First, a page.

Third, it’s a mistake to let your children use you. We understand that you want to help your kids but they do need to develop some financial independence. You could start with small steps such as refusing to pay for their car insurance or taking them off your family cell phone plan. And, of course, they should eventually pay you rent, which can be a great way to encourage them to move out on their own.

3 Facts About College That Will Set Up Your Financial Future

student holding a past due envelopIf you want to keep college debt from crippling your financial future, you need to make sure that you will act appropriately while you are in still in school. Some people make the mistake of partying all the way through college and end up living like a student on a limited budget once they start working. That is because they are already paying for the financial mistakes that they made in the past.

Study shows that what you do in college will affect your life

What you do in college have serious effects to your future. In fact, Gallup.com conducted a poll survey that proved how a students life in college affected them after graduation. It is interesting to note that your level of work engagement and your overall well being will be affected by how you acted back in college. The bottom line of the study revealed that college graduates would have been more engaged with their work and thriving in various areas of their well being if:

  • Their school prepared the for life after graduation
  • Their school were sincerely concerned about the long term success of students
  • They had a mentor in college, had a professor who got them excited about learning and cared about students as a person
  • They had an internship in college, active in extracurricular activities and worked on a project that took the whole semester or more to complete

3 important truths about college life and your future financial standing

From the above study emerges three important truths about your college life that has a significant impact on your financial future. Let us discuss them one by one.

Where you graduate is not important.

An article published on the NYTimes.com revealed an interview with Laszlo Bock, the VP of Google that is in charge of hiring people. He mentioned that the GPA and the school were a graduate came predicts nothing about how they will perform in the company. In fact, there is a growing number of people in the company that did not have any college degree. While good grades are still important, they have observed that it is not the defining factor that will make a graduate successful. What is important are the skills that the student will get from their school. That being said, you should know that you can come from a community college and avoid high student loans and still be successful in big companies like Google.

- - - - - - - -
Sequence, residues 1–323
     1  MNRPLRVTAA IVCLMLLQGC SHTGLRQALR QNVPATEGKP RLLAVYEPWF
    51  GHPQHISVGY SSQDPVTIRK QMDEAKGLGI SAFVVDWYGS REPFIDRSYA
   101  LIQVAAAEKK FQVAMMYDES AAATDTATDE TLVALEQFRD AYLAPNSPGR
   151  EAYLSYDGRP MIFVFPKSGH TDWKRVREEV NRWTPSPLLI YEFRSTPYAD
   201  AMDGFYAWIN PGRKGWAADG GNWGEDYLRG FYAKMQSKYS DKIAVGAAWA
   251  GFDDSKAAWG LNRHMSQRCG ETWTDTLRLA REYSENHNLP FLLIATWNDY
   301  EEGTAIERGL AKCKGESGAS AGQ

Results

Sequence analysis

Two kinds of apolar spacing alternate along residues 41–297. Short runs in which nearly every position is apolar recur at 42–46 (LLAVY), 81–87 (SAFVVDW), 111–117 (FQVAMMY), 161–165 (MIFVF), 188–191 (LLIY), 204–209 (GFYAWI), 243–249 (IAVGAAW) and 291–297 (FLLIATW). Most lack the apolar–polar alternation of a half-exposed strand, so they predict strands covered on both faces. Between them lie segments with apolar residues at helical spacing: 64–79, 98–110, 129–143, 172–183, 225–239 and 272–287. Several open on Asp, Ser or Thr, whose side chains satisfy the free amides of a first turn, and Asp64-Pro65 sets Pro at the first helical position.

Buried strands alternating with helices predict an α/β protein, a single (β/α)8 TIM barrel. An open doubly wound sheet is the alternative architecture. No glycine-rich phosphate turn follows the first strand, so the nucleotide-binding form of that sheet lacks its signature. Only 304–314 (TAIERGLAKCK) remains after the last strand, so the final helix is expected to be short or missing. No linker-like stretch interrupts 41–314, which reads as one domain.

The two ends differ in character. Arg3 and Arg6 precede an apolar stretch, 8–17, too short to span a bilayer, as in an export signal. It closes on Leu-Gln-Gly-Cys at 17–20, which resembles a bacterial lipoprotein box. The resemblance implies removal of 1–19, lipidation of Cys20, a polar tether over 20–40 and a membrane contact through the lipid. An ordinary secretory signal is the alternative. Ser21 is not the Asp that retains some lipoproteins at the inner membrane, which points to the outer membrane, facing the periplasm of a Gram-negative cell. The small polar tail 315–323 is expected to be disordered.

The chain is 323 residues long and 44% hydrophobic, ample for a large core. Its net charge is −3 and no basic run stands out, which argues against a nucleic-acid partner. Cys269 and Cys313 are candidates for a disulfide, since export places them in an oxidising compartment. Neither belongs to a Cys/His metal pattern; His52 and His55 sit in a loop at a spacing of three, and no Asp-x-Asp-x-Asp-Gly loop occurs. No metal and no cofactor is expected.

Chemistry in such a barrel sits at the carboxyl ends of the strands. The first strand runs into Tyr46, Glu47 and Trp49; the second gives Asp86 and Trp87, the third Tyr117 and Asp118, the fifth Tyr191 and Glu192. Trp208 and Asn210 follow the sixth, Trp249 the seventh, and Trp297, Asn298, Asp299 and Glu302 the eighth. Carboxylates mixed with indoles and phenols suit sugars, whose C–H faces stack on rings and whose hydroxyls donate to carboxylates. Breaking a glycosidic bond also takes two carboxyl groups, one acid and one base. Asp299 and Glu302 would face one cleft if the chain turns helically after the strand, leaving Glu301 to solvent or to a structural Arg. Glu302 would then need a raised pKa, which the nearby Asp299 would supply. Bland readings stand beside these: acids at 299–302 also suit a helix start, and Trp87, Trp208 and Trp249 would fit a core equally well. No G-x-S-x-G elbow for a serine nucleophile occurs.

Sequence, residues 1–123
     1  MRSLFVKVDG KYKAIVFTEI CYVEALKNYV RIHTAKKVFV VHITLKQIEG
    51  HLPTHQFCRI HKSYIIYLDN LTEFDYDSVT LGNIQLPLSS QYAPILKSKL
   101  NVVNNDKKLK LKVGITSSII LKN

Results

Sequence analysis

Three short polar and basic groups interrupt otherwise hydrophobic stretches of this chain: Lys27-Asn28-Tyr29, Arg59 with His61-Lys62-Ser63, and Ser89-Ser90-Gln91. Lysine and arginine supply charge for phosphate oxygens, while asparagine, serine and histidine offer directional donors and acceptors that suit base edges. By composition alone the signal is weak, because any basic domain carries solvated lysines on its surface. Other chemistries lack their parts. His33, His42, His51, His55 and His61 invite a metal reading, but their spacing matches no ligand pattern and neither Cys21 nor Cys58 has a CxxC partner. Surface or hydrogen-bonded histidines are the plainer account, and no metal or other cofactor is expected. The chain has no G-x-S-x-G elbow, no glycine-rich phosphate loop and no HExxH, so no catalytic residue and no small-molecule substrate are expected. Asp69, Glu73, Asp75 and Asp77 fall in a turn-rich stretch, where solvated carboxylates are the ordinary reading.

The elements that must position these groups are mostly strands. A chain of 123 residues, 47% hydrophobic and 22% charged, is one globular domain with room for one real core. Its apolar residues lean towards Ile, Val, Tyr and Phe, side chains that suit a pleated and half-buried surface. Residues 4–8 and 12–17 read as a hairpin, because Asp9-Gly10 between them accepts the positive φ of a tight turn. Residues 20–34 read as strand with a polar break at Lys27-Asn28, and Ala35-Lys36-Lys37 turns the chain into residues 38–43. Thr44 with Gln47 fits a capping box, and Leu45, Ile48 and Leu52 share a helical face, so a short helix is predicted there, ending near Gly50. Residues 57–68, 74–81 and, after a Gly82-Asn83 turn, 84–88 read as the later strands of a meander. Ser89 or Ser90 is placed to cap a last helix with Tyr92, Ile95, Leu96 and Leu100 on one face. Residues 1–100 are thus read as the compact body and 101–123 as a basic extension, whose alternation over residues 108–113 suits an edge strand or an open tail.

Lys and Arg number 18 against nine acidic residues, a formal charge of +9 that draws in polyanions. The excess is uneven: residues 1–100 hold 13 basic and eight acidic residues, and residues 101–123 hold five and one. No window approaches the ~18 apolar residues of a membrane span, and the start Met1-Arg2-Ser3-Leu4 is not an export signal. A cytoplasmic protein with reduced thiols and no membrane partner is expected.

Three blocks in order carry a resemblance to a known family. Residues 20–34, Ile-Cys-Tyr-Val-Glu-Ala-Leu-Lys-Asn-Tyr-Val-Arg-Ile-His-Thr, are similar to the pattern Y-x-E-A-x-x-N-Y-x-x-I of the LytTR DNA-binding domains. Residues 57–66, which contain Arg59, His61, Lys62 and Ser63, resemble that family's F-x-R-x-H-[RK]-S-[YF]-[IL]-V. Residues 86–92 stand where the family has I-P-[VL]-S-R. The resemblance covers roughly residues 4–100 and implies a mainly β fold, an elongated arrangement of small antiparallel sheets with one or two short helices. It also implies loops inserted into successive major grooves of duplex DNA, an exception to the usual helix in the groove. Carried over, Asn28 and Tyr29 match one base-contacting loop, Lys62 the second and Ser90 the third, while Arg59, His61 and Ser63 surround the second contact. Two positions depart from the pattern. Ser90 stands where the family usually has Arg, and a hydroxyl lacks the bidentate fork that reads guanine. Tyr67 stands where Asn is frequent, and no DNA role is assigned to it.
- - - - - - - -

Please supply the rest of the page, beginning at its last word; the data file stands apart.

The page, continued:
What happens to you in college will set you up for life after graduation.

In connection with the previous, the Gallup study revealed that it is experience and skills that you will get from college that will define your success in your work. In effect, that will have a profound impact on your earning potential. Business owners are attracted to people of skill, not those who graduated from Ivy League schools. If you tap into the right influences like a mentor and social skills you get from extracurricular activities, you will find yourself more engaged to your work. The dedication that you will display can be evident in your output and that will make you shine in your work.

What you spend in college will come haunt you after.

This is not really directly indicated in the Gallup study but considering that we are trying to identify the factors that will affect your financial future, we need to incorporate this fact. It can be logically assumed that student loans, credit card debt – these will haunt your paycheck for the next few years – even a decade. You need to be careful about how you will use them or if you will use them at all in college. According to an article published on Demos.org, the higher your student loan debt, the more of your lifetime wealth will be compromised. Instead of investing the money you get from your paycheck, you have to share that with your payments. This is true for both student loans and credit card debt.

Financial practices of a college student to set them up for success

Given the truths that we just discussed, you have to consider how your financial practices in college should be implemented to set up your future correctly. You can influence your financial future even as early as your high school days. If you start saving your college to avoid student loans, that will start you up on your personal wealth early in life.

But even if you failed to start while you were in high school, you still have time to correct your finances when you reach college. Here are 5 things that you can do to take care of your finances as early as now.

  • Implement a budget plan. Regardless if your parents are supporting you 100% or not, you have implement a budget in your life. This is a habit that you will need until the very end. It will help you reach your financial goals and more importantly, it will keep you from debt. Most people live on a limited income and a budget plan will allow you to point out the expenses that you need to prioritize. It will help you make smart choices about your money while in college.
  • Learn about your debts. This is true for both student loans and credit card debt. A secure financial future does not necessarily mean you do not have debt. It means you may have debt but you have full control over it. Not only that, it also means you have a backup plan in case your main source of income is compromised. To create this plan, you need to understand your debts thoroughly. Your ignorance might lead you to make mistakes that could have been avoided if you only researched about your debts.
  • Reserve your credit cards only for emergencies. Student loans are bad enough and your financial future will be much worse if you combine it with unnecessary credit card debt. You can understand how this can jeopardize your financial future. Keep your debts low and if you have to use a credit card, make sure that you have a plan to pay it off before the grace period ends.